Wednesday, December 01, 2010

Still skiing.


This photo is from a ski tour I did with my dad in about 1977 in the Canadian Rockies (maybe Dolomite Pass?). I'm ten years old. The gear I'm on is far less supportive than modern BC NNN gear, the skis have minimal sidecut, and yet the fun level is for sure at least as high as it ever has been, was, or will be. Yesterday I was out with my daughter; I was on high-end XC classic gear, she was on plastic waxless rigs. We both had fun. Skiing rocks, it's not fundamentally about the gear but getting outside and skiing. I want to be clear on that, it seems some people are missing the point that gear is a means to an end, not an end.

That said, function and style are related. Personally, I like using functional gear, meaning gear that fits the use, no matter what the sport. If my goal is to do tricks in a kayak I'll paddle my play boat. Creeks, you want a fat creek boat. Paddling a play run in a creek boat is relatively boring. Skiing flats on AT gear with skins on sucks compared to the same terrain on well-waxed race XC gear. I can not find one place where telemark gear is, for me, more fun, more functional or better fits the "spirit" of what I want to do, at least today. That could change; I did a lot of tele skiing in resorts for a while because it was more fun than alpine skiing there for me and a real challenge, but I burned out on that eventually. That was still a good period in my ski life, no regrets, but not where I'm at now. Function and style are not all exterior, a lot of what forms the definition of "fun and functional" is in the skier's head. Some people want to run sick creeks in low-volume play boats. Cool, I'll watch. I'll skate up skis resorts in the early morning and fly on the velvet on the way down, that's fun too...

Just to clear up where I'm coming from, if I could only have one set of skis/boots I'd run a set of NNN backcountry gear with metal edges. I can ski just about any resort run in North America on that setup (not rip it, but get down OK), ski set tracks, ski the back country, do just about anything. That's the most versatile gear for a solid all-around skier who wants to ski anywhere. Not the best for skiing into ice climbs obviously (have to change boots), but it would work. The learning curve for this gear is brutal compared to AT gear, the best prep is XC race skiing. A lot of people are more into the yo-yo style skiing, or hucking their meat, great! I've got skis for that too, let's play!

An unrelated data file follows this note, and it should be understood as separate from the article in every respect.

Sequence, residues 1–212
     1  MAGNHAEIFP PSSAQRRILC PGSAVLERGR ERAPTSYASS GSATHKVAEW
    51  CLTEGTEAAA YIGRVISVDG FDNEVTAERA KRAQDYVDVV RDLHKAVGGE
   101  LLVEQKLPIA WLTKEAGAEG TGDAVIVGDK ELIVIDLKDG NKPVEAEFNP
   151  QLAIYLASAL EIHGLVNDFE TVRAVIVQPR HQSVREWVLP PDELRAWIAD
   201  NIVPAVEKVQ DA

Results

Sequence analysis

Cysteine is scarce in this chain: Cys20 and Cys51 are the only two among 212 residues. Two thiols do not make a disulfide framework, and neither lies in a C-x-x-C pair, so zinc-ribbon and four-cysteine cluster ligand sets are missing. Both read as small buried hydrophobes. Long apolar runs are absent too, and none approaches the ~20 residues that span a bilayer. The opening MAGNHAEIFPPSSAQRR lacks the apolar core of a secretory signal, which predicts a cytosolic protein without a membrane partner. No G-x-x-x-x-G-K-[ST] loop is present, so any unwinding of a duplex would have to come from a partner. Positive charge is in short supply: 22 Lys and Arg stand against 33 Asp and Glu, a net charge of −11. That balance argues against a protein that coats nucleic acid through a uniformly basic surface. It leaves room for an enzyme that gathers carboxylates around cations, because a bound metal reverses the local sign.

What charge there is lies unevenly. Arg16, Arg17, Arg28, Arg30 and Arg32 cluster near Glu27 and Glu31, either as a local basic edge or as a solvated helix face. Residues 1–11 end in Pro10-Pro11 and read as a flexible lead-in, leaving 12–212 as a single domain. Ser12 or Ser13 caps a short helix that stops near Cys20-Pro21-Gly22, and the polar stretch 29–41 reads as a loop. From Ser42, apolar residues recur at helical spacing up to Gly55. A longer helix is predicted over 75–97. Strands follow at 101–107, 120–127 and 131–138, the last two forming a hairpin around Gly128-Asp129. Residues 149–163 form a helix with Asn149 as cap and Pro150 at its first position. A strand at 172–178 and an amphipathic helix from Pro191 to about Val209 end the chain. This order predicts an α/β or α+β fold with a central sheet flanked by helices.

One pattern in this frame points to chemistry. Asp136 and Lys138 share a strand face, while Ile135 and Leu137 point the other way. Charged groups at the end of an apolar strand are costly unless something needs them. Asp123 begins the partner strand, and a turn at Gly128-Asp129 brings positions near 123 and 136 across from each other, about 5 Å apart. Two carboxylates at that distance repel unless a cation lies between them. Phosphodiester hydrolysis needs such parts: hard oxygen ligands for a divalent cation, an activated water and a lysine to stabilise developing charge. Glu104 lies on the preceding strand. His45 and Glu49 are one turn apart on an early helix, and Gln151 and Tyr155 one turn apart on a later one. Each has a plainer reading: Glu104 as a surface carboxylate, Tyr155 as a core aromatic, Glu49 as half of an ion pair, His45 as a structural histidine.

Some of the comments on the Teletalk site (ten pages and going strong) seem really defensive to me, like how the insecure and religious act when their God is questioned. Those secure in their faith are fun to talk with; those who scream, "Blasphemy" get old fast. Telemark skiing doesn't need "defending" if it's working for you and you're secure in your belief that dropping a knee gets you closer to god. I just think telemark skiing has gone off in a weird direction, and so far it's not coming back.

I did some telemark racing back in the day, but gave it up when an alpine-racing friend of mine (Jim Grossman, surely one of the more talented skiers I've ever seen) tried on some tele skis and proceeded to shred the course on his first run. He did a "pretend" tele turn, but really just rode the outside ski hard and relied on his years of alpine racing experience. His comment was, "Why not just parallel?" If you have to pose to compete then it's getting closer to figure skating, and that's weak sauce. On hard, consistent snow with big gear tele turns make little sense other than to pose. Trim yer goatee.

But the telemark turn is just as functional, useful and all-around fun to do as ever even if the gear named after it now has little real relation to the turn itself. I use the tele turn more on my lightweight "nordic" gear than I ever did in the last years of my "tele" career; on heavy tele gear I generally just do some version of the parallel turn . The telemark turn is great for dealing with softer conditions on lighter gear. In consistent conditions the parallel turn rules no matter what gear you're on. Telemark skiing to me now means doing tele turns on light BC NNN gear during a big tour; works great.